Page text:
58. I would agree with many of Bruce's arguments particularly wrt separating the persistence standard from the EJB spec (as it has been done with JMS, JDBC etc.)

    Given the progress that has taken place with EJB3, is it possible to change course at this stage?

    I would disagree on some of the comments, however. One could always go with a a-la-carte option and nothings in the specs prevented that. e.g. one could go with a different persistence approach and not use entity beans. The problem was more with available books, blueprints, vendor documentation and other literature which almost all suggested "eating the whole elephant". It took the community quite a while to mature and learn from the bitter experiences from the heavy solutions (which are really needed for the high-end niche).

    Regards,
    Kalyan
  59. Kudos to Bruce for an excellent article! I too laughed at the all too true analogies that Bruce used in characterizing a typical EJB project. I also appreciated the non-political/non-technology bashing approach Bruce took. Nice job!

    In working with other companies, I've seen projects that feel like they would have been more successful utilizing the Chicken Hunter approach Bruce outlines. I'm looking from this list for more insight into specific project examples that would help me more clearly understand which approach would be more appropriate.

    What characteristics would suggest that an enterprise project would be better served with a Chicken Hunter mentality versus an Elephant Hunter mentality? I believe I understand the distinction drawn in the article between a chicken and elephant hunt, and the high level project characteristics.

    Any more thoughts on what a typical Chicken Hunter would look like? Skill sets?

    Thanks

    Scott Cranton
    Nexaweb Technologies
  60. Unless I'm misreading the article, Bruce wants EJB3 to a) only specify the persistence interfaces and let vendors provide pluggable implementations, b) not be tied to the application server, c) not use metadata and d) not use J2SE 1.5. Or, in simpler terms, he would like JDO to be renamed EJB3.

    Praising the EJB3 group for embracing lightweight POJO-style programming while calling into doubt all of the things that are not like JDO sounds a little biased to me. Innovation, particularly with regards to J2SE 1.5 is a good thing, particularly when you consider that this standard will only start to be dominant in 2005 and then for several years afterwards. Merely bringing EJB or JDO up to current standards isn't good enough.
  61. I read the same article. My perception of those same points was more along the lines of:

    • EJB 3.0 should not specify persistence, but perhaps J2EE should specify or nominate interfaces under which a persistence implementation could be active.
    • Ideally the persistence specification in J2EE should not be tied to an EJB container.
    • Not require the use of JSR-175 annotations, since (a) metadata sometimes has a different lifecycle to that of the source code, and (b) JSR-175 introduces a JDK 1.5 dependency.
    • Not unnecessarily tie EJB 3.0 into JDK 1.5.
    I actually think the last point is less relevant since JDK 1.5 will probably have penetrated large enterprise accounts by the time EJB 3.0 is a commercial reality. For this not to be the case there would have to be viable EJB 3.0 implementations commercially supported by the big vendors before a Q3 2006 timeframe.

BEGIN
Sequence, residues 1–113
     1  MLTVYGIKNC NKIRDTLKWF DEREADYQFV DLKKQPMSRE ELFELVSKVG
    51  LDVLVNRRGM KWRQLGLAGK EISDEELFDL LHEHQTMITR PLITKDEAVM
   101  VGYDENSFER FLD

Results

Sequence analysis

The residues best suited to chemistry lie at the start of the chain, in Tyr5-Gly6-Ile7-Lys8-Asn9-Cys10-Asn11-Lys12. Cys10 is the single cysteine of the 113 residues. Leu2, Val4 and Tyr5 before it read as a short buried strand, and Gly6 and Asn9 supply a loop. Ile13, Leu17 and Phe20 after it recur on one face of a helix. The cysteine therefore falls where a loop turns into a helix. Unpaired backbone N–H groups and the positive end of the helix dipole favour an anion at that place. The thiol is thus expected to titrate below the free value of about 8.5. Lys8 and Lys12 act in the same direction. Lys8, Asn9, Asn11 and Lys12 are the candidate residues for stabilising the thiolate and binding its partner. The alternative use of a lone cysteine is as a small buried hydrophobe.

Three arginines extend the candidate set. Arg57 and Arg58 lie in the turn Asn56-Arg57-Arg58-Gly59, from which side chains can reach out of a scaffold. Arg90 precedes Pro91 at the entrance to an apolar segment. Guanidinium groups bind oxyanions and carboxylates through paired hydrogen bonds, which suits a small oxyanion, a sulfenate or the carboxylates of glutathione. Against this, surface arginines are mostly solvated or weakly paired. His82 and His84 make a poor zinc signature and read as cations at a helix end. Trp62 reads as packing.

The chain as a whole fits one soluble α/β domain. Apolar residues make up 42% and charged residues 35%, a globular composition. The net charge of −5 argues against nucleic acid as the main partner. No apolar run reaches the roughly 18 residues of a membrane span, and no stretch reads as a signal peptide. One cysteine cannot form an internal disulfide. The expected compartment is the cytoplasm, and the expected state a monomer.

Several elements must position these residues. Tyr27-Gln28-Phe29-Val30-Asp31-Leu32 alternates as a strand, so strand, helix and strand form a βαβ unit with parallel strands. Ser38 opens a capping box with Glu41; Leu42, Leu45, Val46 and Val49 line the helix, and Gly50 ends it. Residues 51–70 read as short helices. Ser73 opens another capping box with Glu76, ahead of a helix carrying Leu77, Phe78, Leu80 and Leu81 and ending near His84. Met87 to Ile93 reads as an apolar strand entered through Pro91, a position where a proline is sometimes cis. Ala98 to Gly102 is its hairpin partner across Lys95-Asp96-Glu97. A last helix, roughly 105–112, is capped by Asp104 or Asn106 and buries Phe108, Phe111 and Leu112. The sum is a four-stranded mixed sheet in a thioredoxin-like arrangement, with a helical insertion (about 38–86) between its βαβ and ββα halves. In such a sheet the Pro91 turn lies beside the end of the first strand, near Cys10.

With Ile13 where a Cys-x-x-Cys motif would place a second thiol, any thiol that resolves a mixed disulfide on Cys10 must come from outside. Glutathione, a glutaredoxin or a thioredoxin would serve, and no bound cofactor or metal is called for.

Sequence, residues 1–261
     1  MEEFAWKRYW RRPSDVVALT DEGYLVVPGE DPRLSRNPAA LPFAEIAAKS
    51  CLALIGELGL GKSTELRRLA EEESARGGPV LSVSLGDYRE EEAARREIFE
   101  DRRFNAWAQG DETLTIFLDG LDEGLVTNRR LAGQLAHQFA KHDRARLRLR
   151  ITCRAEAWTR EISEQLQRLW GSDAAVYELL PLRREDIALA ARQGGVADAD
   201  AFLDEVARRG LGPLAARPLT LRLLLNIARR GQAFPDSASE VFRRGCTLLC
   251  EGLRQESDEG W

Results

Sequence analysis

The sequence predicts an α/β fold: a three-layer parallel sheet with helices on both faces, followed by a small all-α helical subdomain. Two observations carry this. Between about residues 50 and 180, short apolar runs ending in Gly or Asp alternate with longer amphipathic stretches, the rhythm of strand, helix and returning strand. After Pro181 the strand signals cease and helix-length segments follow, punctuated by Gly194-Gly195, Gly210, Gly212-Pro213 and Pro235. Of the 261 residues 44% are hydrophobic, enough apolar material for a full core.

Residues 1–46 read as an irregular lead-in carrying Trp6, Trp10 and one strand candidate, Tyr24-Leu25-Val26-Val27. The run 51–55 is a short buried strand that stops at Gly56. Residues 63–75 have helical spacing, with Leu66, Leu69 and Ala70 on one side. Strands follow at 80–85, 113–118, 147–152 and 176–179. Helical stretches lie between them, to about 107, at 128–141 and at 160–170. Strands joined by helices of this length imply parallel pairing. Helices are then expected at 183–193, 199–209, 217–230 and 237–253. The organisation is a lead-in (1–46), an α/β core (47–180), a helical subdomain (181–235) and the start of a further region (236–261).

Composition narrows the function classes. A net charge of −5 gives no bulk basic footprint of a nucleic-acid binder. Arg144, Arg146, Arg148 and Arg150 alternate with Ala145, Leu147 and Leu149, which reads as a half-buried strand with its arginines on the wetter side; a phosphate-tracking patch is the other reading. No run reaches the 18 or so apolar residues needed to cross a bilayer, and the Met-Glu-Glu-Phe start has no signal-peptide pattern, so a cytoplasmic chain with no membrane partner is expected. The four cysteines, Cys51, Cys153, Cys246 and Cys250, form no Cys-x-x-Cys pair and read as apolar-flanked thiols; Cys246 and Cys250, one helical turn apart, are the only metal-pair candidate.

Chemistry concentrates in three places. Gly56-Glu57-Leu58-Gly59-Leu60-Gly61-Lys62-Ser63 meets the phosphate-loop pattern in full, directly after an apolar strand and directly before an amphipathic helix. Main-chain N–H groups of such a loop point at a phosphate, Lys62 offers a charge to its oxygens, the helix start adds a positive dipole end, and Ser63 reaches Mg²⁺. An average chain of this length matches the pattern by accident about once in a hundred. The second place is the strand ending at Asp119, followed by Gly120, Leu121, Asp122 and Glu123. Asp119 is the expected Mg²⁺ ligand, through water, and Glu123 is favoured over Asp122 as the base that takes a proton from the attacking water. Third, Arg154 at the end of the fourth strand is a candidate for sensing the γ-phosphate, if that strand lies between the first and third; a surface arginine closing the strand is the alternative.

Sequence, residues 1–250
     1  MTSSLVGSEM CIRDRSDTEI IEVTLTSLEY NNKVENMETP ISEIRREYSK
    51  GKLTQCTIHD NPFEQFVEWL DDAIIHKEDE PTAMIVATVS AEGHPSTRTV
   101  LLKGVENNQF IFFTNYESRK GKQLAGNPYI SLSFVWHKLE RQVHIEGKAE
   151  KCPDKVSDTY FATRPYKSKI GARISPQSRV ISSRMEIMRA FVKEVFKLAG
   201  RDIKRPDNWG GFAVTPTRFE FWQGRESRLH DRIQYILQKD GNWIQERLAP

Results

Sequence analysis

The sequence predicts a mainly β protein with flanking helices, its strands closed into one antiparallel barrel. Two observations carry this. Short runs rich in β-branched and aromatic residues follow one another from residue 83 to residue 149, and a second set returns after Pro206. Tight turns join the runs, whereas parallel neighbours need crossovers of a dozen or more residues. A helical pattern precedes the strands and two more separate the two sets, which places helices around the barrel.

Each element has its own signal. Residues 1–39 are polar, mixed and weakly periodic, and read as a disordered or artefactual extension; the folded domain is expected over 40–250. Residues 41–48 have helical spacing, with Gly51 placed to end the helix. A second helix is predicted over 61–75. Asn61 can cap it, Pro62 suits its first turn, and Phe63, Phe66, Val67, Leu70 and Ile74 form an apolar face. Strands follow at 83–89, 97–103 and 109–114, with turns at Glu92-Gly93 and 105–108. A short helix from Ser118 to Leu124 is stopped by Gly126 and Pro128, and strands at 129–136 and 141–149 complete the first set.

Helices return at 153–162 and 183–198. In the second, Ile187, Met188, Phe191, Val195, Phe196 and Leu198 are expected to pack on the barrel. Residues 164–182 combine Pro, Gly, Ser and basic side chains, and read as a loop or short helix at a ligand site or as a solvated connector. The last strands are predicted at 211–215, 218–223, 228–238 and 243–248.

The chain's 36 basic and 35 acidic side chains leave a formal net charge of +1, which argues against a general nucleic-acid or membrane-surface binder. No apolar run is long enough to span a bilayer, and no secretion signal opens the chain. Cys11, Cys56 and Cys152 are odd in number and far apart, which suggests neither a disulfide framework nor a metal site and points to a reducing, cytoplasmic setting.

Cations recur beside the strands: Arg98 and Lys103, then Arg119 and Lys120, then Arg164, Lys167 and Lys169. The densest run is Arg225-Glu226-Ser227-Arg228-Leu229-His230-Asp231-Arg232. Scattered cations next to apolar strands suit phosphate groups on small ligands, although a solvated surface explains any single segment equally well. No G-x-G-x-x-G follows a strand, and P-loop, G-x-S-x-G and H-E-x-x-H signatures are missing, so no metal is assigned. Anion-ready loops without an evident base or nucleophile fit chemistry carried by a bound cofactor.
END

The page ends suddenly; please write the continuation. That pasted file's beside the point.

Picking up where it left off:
I guess we each read from our own perspectives....
  62. It's humbling to see so many responses from people who have impacted my career deeply. Thanks for all of the kind words. Often, it's hard to express a hard-hitting opinion without tearing down the work of others. I've tried to do that here. An article like this one will be read from many different perspectives, and atrribute me with insight that I did not have in advance. But I love the metaphor. It sums up my feelings pretty well. (I also write about the feelings in Better, Faster, Lighter...it's on Amazon. They have books even though they say that they have not shipped yet....have to look into that.)

    Re. JDO, I currently use both Hibernate and JDO in my commercial implementations. You can see why I'd be uncomfortable with an EJB standard that shut out one or the other, without input from both.

    Thanks for the kind words, and pardon me while I go kill a chicken for lunch.
  63. Robin,

    Apparently our perceptions of the article are not that different, as I don't think anything you wrote contradicts my own interpretation, save for use of the word "should". The points Bruce made are perfectly valid opinions, but apart from being fun to read, I don't see anything here that moves us forward.

    Your Q3 2006 date is odd though. Is that a typo? I fully expect to see both JDO2 and EJB3 implementations commercially supported next year. Certainly the vendors I talked to in Vegas indicated this would be the case.

    Cheers,

    Merrick
  64. Moving forward[ Go to top ]

    In fact, I'm seeing more and more corporate architectures simplifying, and moving away from enterprise-style frameworks, in favor of lighter, simpler frameworks. I'm seeing this trend at banks, in manufacturing, in consumer data. The trend spans start-ups and the most conservative fortune 500 companies, in Europe and here at home.

    The reason? Many development shops simply can't get their arms around the enterprise frameworks anymore. It's getting too hard. A forum like this one is often difficult for books and articles like mine, because those who post the most frequently are so smart. I try to communicate to the 80% of the developer population, who struggles with EJB and XML schema and the full web services stack.